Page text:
And, it’s also helped me to learn more about how to solve even Windows or Mac problems. For example, through using Ubuntu, I became familiar with the rsync command, which allows for differential backups (copying over only files that have changed or been added since the last backup), which I could use for my wife to back up her Powerbook. Also, since Ubuntu provides an easy interface for setting up keyboard shortcuts, I realized how much more efficient I can work using those shortcuts, and I insist on using keyboard shortcuts (different ones, of course) when I’m using my Windows computer at work or my wife’s Powerbook at home.

What can be said about my experience?
In many ways, my experience with migrating to Linux is typical—the frustration with installation, the confusion in finding a distro to pick out of many Linux distros, the need for research in learning what to do with an .ISO file, the desperate search for documentation (in books, websites, and forums). The migratio
n is also usually prompted by the same factors—security and customization. I’m not sure if I’m typical in one last regard, though; I stayed for neither the security nor the customization but for the freedom and the fun. I can make a Windows computer as secure as a Linux machine. I can also customize it almost as much as I can Linux. But I can’t make Windows free. I can’t make it not proprietary. I can’t get rid of complicated license agreements or product activation keys.

In terms of the typical Windows-to-Linux migrant profile, I fit the skills but not the needs. Most Windows users who migrate to Linux are what the technology department at my workplace calls power users—not necessarily programmers or system administrators but not anyone who would identify as “computer illiterate” or “not very good with computers.” Power users like to point and click with the mouse and also customize their experiences a little bit. They’re not afraid to look for new programs that will do the same jobs as their old programs.

If I were to generalize, I’d say most Linux users fall into one of these three categories: absolute novice, ex-Windows power user, *nix expert. I’m atypical in that in terms of my abilities and drive, I’m an ex-Windows power user, but in terms of my needs, I’m more like an absolute novice.

The Absolute Novice
Absolute novices become Linux users because they have a friend or relative who is obsessed with Linux and on whom the novice relies for all tech support. What happens is the novice has seemingly endless Windows problems (crashes, spyware, adware, viruses, slowdowns) and every time she encounters those problems, she calls her Linux-using friend or relative. Eventually, the Linux user says, “Look, I’m tired of supporting you on Windows. I’ll set up Linux for you.” After she installs and sets up Linux, she tells the novice, “Here is your web browser—this icon. Here is your email program—this icon. This is how you shut down you computer.” There is a little resistance at first: “Where’s the Start Menu?” “It’s right here.” “But it doesn’t say Start on it.” “That’s okay. I can change the icon for you.” After a while, the novice has no more computer problems and everyone’s happy.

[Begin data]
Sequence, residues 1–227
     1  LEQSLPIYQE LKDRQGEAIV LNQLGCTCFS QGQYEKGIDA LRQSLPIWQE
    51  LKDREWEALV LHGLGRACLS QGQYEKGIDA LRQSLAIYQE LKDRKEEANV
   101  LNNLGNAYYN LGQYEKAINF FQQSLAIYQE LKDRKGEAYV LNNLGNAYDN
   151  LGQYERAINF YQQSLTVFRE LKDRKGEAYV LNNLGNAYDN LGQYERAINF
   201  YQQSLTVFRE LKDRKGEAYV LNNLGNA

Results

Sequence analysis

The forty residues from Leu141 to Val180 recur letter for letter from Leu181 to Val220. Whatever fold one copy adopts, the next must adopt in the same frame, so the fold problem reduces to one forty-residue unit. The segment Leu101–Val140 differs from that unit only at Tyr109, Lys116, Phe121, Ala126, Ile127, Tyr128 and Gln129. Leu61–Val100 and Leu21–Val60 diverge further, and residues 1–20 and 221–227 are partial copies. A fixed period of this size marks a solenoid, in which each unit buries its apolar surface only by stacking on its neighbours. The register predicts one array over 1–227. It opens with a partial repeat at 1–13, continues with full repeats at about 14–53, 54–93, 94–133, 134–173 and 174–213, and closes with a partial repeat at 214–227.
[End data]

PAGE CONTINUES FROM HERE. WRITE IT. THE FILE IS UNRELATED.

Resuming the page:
The ex-Windows Power User
She knows Windows inside and out. She can edit a few things in the registry. She defragments. She does disk scans. She knows all the free but good anti-virus, anti-spyware scanning tools. She has a list of about ten or twelve programs she uses and loves to use in Windows. She also gets called to solve her friends’ and relatives’ Windows problems. Something happens one day, though—she’s tired of all the maintenance she has to do on her Windows computer, she’s tired of her Linux-using friends always talking about how great Linux is, or she just wants to try something new. So she installs Linux. Very likely, she will encounter problems. Either her wireless card won’t work, or the CD burning program doesn’t do absolutely everything that Nero does, or the Linux fonts “look ugly” to her. Then, there are two ways she can go. She either throws her hands up and screams (virtually or actually), “I can’t take it any more. This OS sucks. I’m going back to Windows. Linux is not ready for the desktop” or she rolls up her sleeves and says, “I’m going to make this work. This is fun figuring this out.”

The *nix Expert
This person has a lot of experience using Unix, Linux, BSD, or some combination of the three. She probably programs or does some kind of system administration for a living, and she uses Linux on her desktop at home because she thinks it’s fun, and it’s a natural extension of having to use Linux at work for administering servers. She probably doesn’t think most users should be using Linux, as she has a lot of training on computers and thinks that ordinary folks wouldn’t be able to handle installing and configuring Linux themselves.